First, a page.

By Lisa Baertlein and Gus Ruelas
OXNARD, California (Reuters) - California farm worker Antonia Espinoza would likely be throwing in the towel and heading back to her native Mexico to see her children, if not for the work of eight U.S. senators in Washington.
The bipartisan group of senators unveiled on Tuesday their proposal for immigration reform that would remove the threat of deportation for millions of undocumented workers and open a door for them to one day become U.S. citizens.
Espinoza, 32, lives with her U.S.-born daughter but is missing the other four children she left behind in Mexico so she could work in the strawberry fields in Oxnard, California, where pickers can take home $80 to $100 a shift on good days.
If not for the promise of legislation, she said on Tuesday, "I would be there right now."
"It's been too long. I want to see them now. I can't because, if this legislation passes, I'll have papers and I won't have to worry," said Espinoza, who is from Oaxaca, Mexico, and has not seen her children there during her latest four-year stay in the United States.
"I hope this time they're going to do it and not just talk about it," she said.
The proposed bill, which President Barack Obama endorsed on Tuesday, gives farm laborers like Espinoza a faster path toward U.S. citizenship than other undocumented workers.
It would give legal status to undocumented workers who were employed in agriculture in the past two years. After five to seven years, they could apply for permanent residency. Other workers would have to wait 10 years.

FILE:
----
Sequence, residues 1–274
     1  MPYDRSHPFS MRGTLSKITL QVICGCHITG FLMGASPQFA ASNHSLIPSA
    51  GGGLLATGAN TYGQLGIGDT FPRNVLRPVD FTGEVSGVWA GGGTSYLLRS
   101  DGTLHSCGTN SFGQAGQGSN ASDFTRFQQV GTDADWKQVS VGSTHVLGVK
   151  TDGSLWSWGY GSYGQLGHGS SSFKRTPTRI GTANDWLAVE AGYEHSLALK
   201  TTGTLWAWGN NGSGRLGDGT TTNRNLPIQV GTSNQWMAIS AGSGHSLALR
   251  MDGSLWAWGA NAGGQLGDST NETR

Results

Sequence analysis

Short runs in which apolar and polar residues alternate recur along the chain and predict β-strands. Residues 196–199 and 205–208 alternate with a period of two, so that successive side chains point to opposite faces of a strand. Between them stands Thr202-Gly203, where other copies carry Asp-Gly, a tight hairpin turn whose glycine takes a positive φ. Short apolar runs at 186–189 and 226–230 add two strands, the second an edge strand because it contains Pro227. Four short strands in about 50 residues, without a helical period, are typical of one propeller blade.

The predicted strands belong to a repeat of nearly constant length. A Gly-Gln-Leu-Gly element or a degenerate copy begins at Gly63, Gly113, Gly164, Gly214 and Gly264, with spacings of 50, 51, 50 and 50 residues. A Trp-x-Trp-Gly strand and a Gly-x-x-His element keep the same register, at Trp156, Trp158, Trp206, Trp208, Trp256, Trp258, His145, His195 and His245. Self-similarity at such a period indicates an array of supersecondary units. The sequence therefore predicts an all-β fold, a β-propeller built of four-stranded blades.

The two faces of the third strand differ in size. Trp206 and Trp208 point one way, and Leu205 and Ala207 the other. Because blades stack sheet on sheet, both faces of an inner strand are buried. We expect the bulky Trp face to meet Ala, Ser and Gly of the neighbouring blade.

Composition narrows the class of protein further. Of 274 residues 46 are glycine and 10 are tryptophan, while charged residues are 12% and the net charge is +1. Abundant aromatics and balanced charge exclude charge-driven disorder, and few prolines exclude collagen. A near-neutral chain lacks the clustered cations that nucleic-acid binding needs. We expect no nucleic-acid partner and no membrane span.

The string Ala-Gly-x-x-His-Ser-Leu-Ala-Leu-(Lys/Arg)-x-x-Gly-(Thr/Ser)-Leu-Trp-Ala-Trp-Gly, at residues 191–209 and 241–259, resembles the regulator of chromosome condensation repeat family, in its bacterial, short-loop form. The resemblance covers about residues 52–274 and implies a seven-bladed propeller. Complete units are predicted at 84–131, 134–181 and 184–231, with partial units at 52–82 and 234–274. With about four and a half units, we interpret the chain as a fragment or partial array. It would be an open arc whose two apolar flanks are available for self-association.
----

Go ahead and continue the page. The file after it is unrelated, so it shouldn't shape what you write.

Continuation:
United Farm Workers union President Arturo Rodriguez estimates that a million farm workers and their families could gain legal status under the Senate bill.
"This is a huge step forward," Rodriguez said, adding that the workers would be able to buy cars and homes, engage openly in society and travel without fear. They also would have more protections on the job.
While the bill is touted by its Republican and Democratic supporters as the best chance to overhaul immigration since the 1980s, it will likely face a months-long battle, with the biggest challenge expected in the Republican-led House of Representatives.
Pro-reform advocates like Rodriguez have also said it is time for the United States to have a legal workforce to produce its food. A large part of the agricultural workforce, 60 percent by one estimate, is undocumented but is vital for growing fruit, vegetables and other crops and tending livestock.
In California, laborers from Mexico and Central America help make it the No. 1 farm state, with over $43 billion in cash receipts in 2011.
The state also supplies some 85 percent of the country's strawberries, and no place is more abundant in that crop than Oxnard, 60 miles west of downtown Los Angeles. Crews stoop in the green rows that stretch over the flat plain, plucking the red fruit with swift flicks of the wrist.
While the passage of legislation will allow them to stay and work, some workers appear to be just as interested in the ability to leave.
Adolfo Rodriguez Lopez, 41, has never returned to Mexico to visit his wife and four sons in Ensenada, Mexico, during the 12 years he has lived in the United States.
"When they get sick and you need (to) see them, you're not able to," said Rodriguez Lopez.
"Not only is it important (to) see my family, there is a certain tranquility of knowing that you're legally here and don't have to worry about the police," he said.
(Additional reporting by Charles Abbott in Washington; Editing by Mary Milliken and Philip Barbara)